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Graham Gooch, born July 23, 1953, is England’s leading run-scorer in Test cricket and a successful captain of the national team and Essex county. Jaideep Vaidya tries to summarise a mammoth career of a prolific run-scorer who broke a number of records in a near 30-year professional career.
If you were given the rather impossible and unfair task of picking the highlights of Graham Gooch’s awesome career, you could say it was down to a couple of doubles: the pair he got on Test debut in 1975 and the two centuries (including a triple hundred) he scored in one Test match against India in 1990. But then again, that is very unjust on a man who would go on to become England’s leading run-scorer off all time — 8900 runs, a record which stands to date — and also one of the most prolific run-accumulators in top-level cricket that the world has ever seen.
You cannot even say that Gooch was the most successful batsman of his generation, simply because his First-Class career transcended generations. From what began in 1973 playing for Essex, the immortal Gooch carried his bat right until the turn of the millennium, till 2000, when he was 47-years old.
“I literally thought Graham Gooch was going to play cricket for England forever,” wrote Sir Ian Botham in My Sporting Heroes, a few years ago. “When I started my career he was playing cricket for England, when I finished my career he was playing cricket for England and each time I pick up a microphone to commentate these days, I half expect to see Andrew Strauss walking out to bat with “Goochie” and not his Essex protégé Alastair Cook. I reckon Alastair has to beat “Goochie” off with his bat to stop him from getting out before him.”In his near three-decade cricketing career, Gooch amassed an astronomical figure of 67,057 runs across First-Class (44,846) and List A (22,211) matches. Compare it to the princely figure (61,237) of Sir Jack Hobbs, considered the most prolific batsmen of all time, and perhaps you can get an idea of what Gooch was. Also, Gooch remains the only player to record 2,000 or more runs in a season five times since 1969 (1984, 1985, 1988, 1990 and 1993).
If judged on purely an international scale, Gooch’s 8,900 runs at 42.58 in 118 Tests is unmatched by any Englishman to date. At one stage, he was the third-highest run-getter of all time behind Allan Border and Sunil Gavaskar, before being overtaken by the next generation of superstars with their thicker and heavier bats and fancy equipment. If Christopher Martin-Jenkins was to be believed, Gooch had people fooled with his blade, which couldn’t seem to stop smacking the ball like it were a beach ball. Gooch was “a bold and imposing player, a mighty driver and fierce square-cutter, who looked at the crease to be taller and bulkier than he usually was, with a bat apparently broader than the law permits,” Christopher Martins-Jenkins wrote in Wisden.
Gooch was an imposing presence at the batting crease. Tall, with a burly frame and a handlebar moustache that appeared post 1974 and disappeared only after he had retired from all forms after intimidating bowlers across the world, Gooch batted with an unorthodox high backlift and left elbow that seemed to dare the bowler and say, ‘Come on, put it wherever you want and see where I put it.’ However, everything else about his batting was right out of the manual: the back thrust towards square-leg and the head right above the left shoulder, eyes staring at the bowler in anticipation. He was both aggressive and textbook in his strokeplay and could murder the bowling attack with nonchalance.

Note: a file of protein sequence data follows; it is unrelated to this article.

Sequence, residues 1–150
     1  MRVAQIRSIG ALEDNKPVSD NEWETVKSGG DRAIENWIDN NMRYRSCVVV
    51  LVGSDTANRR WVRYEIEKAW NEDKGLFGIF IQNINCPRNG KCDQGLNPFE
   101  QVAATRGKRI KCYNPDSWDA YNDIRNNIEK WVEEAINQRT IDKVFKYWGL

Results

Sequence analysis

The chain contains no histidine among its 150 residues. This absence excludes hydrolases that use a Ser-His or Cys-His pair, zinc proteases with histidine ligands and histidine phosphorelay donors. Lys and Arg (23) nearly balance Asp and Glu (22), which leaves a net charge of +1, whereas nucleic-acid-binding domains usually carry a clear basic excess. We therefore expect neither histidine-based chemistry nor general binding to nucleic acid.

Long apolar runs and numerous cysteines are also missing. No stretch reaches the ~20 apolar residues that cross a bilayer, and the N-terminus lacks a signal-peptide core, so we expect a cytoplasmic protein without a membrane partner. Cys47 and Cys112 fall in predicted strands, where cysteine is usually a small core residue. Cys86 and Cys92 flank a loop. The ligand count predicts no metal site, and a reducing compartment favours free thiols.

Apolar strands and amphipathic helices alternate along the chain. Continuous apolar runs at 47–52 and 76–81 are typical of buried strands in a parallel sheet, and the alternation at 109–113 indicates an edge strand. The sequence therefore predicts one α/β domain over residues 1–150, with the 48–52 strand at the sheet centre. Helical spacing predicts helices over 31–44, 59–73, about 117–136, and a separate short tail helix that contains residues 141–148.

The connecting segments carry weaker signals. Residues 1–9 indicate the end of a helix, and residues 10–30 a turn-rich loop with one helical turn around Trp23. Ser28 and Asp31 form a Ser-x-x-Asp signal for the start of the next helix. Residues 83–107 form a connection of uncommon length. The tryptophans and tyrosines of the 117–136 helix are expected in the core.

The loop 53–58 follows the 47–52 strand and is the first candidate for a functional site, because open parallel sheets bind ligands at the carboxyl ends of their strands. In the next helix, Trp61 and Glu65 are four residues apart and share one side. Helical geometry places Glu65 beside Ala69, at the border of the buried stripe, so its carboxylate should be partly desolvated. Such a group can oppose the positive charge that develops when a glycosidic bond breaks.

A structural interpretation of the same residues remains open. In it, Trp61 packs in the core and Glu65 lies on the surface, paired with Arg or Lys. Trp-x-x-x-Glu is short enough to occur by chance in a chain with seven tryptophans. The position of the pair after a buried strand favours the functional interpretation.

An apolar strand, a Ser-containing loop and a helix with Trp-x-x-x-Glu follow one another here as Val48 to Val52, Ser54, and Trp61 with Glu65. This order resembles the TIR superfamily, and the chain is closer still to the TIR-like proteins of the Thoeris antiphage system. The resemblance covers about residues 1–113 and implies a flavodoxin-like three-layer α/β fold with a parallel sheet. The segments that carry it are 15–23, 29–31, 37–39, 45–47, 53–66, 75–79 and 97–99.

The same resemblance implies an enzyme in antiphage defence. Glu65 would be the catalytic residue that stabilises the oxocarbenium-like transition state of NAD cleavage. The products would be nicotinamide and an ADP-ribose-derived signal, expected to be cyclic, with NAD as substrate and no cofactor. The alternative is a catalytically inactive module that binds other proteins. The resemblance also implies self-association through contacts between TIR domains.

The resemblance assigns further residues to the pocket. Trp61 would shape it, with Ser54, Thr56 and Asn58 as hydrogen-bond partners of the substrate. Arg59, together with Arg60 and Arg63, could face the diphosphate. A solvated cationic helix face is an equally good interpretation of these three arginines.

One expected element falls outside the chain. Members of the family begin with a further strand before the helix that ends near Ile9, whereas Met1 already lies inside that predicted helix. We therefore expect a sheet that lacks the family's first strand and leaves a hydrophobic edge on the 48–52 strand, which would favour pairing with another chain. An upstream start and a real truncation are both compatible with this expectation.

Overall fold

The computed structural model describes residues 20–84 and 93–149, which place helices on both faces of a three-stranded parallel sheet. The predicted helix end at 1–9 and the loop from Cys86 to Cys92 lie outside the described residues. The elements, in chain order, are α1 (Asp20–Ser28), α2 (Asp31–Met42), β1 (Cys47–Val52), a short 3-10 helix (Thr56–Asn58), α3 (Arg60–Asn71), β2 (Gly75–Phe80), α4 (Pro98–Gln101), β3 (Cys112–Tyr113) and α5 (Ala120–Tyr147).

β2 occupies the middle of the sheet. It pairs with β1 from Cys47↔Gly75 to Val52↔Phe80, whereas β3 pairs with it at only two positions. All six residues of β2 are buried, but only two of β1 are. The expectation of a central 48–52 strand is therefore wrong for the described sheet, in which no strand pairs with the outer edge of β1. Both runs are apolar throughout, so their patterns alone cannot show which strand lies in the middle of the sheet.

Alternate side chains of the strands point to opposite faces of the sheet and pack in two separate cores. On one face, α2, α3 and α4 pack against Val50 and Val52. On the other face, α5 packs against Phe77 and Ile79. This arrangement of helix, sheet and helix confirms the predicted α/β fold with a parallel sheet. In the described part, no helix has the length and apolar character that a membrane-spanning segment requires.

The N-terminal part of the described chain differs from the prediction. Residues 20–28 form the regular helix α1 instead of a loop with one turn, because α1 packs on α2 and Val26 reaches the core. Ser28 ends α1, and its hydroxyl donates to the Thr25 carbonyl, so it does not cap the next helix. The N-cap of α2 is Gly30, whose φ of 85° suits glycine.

While he was adept against spin bowling, his best qualities came out against the quicker men. In his 20-year international career spanning 1975–1995, Gooch was up against the best of bowlers from at least two generations. If at the beginning of his career it was Andy Roberts, Michael Holding, Dennis Lillee, Jeff Thomson, Richard Hadlee and Malcolm Marshall, towards the latter half of his career Gooch was facing the likes of Curtly Ambrose, Courtney Walsh, Allan Donald, Wasim Akram and Waqar Younis. And rather than getting bullied by these dangerous, world-class bowlers, Gooch welcomed the challenge with open arms. “I always used to want a challenge and always wanted to face the best. I wasn’t one of those players who would want Curtly Ambrose or Wasim Akram not to play,” Gooch said, as quoted in David Fulton’s The Captain’s Tales: Battle for The Ashes.
Early life and career
Gooch was born in Whipps Cross, Leytonstone, in Essex and got interested in cricket after watching his father Alf, who used to play for East Ham Corinthians. According to Gooch, his dad and Essex coach Bill Morris were the biggest influence upon his career. While Gooch was studying at Norlington Junior High School, he joined the highly-respected Ilford club and made his way to the first team. In those days, Gooch used to bat in the middle-order and wanted to become a wicketkeeper-batsman. However, it was all to change once he got called up to make his debut for the Essex Second XI against Northamptonshire in 1969. Three years later, he was selected for the England Young Cricketers’ tour of the West Indies. Apart from his hard-hitting batting, Gooch also bowled a decent medium-pace and helped Essex win the Second XI championship for the first time in 1973.
After making his First-Class debut for Essex in 1973, Gooch was selected in the Marylebone Cricket Club (MCC) side that took on the touring Australians in 1975 prior to The Ashes. Walking in to bat with his side at a precarious 11 for three, the 21-year-old Gooch hit a gritty 75 and shared a valuable century partnership with David Lloyd. He impressed one and all, and fearlessly tackled the Aussie pace attack comprising Lillee and Thomson, as he blazed them through the covers and lofted them for maximums. On July 10, 1975, Gooch was to be rewarded for his heroics with a Test debut in The Ashes opener at Edgbaston. The inclusion caused much interest before the series. The Canberra Times wrote: “For English supporters the form of 21-year-old Essex batsman Graham Gooch will be the main point of interest. They will be anxious to see if he can provide the English batting with that touch of class it so desperately needs.” To say that it was a buzzkill would be an understatement.